I have received a telegram today that makes my heart tremble with fear. John Seward is begging me to come to London to attend to a young friend of his, one Lucy Westenra. I am in an agony of indecision, torn as only a condemned soul can be. What shall I do?
I am apart from the world in this room. The occasional rattling of a carriage or voices of passers-by outside seem far away or as coming through a wall much thicker than the glass of my window. I can hear the clock ticking in the hall. The house has never been so still. As if it was holding its breath awaiting my decision.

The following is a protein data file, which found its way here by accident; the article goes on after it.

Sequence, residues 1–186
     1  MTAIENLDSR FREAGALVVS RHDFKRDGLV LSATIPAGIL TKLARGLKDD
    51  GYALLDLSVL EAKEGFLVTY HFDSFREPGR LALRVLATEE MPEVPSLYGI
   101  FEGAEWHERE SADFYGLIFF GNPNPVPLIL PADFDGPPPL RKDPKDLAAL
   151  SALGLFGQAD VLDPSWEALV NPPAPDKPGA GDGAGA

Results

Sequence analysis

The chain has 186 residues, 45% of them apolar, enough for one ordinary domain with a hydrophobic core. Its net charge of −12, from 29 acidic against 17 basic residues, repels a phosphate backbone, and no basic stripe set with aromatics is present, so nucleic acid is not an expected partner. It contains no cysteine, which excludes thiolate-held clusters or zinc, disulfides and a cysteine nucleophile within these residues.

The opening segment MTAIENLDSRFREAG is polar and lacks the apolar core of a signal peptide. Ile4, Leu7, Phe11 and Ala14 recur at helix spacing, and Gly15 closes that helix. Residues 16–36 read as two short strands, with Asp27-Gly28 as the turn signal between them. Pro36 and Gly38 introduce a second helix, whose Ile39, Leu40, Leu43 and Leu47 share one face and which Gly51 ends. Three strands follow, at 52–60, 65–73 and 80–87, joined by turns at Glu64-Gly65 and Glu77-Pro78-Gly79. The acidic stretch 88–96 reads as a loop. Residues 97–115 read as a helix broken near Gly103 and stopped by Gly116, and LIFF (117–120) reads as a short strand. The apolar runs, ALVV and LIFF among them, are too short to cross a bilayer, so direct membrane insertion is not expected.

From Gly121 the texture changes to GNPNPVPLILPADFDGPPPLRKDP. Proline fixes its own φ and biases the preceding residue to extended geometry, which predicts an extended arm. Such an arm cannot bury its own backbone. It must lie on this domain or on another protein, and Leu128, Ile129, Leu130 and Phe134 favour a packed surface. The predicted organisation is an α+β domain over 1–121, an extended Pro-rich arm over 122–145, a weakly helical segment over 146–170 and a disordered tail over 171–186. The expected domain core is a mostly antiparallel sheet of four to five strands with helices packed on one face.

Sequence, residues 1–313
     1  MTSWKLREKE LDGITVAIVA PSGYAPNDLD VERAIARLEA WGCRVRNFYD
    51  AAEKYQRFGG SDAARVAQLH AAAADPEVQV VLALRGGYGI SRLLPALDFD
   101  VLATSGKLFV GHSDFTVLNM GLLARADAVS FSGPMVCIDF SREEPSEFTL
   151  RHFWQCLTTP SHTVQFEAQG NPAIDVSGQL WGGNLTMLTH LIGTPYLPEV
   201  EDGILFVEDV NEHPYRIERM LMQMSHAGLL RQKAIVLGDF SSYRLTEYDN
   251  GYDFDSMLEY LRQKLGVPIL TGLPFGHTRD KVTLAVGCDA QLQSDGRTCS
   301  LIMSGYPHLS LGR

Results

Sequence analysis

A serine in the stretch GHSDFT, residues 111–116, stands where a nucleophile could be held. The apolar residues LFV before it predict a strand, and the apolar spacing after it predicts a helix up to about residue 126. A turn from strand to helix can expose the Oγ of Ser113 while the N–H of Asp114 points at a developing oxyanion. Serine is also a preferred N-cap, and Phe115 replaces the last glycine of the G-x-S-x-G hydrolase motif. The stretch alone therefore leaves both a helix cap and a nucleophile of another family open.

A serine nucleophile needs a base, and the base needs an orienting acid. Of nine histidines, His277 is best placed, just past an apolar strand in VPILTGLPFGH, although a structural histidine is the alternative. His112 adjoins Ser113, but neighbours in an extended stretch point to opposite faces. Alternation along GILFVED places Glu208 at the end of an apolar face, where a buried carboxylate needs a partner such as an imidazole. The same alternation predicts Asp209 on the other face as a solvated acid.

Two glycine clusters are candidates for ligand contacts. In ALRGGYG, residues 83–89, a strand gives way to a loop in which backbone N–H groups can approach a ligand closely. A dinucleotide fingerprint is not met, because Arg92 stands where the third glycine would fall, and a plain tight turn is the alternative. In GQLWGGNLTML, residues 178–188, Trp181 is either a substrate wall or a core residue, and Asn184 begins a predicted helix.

Maybe there is nothing in it. The request certainly seems straightforward enough. Strictly medical. Why then this suffocating feeling of foreboding? Why do I, who always keep my own counsel, feel suddenly compelled to share my thoughts? And with you, lost in your own mind, who will never read these letters I won’t send.
I hope to God I am wrong.
I did of course tell John I would come. How can I do otherwise? But I am afraid, so very afraid that I will fail him as I failed you.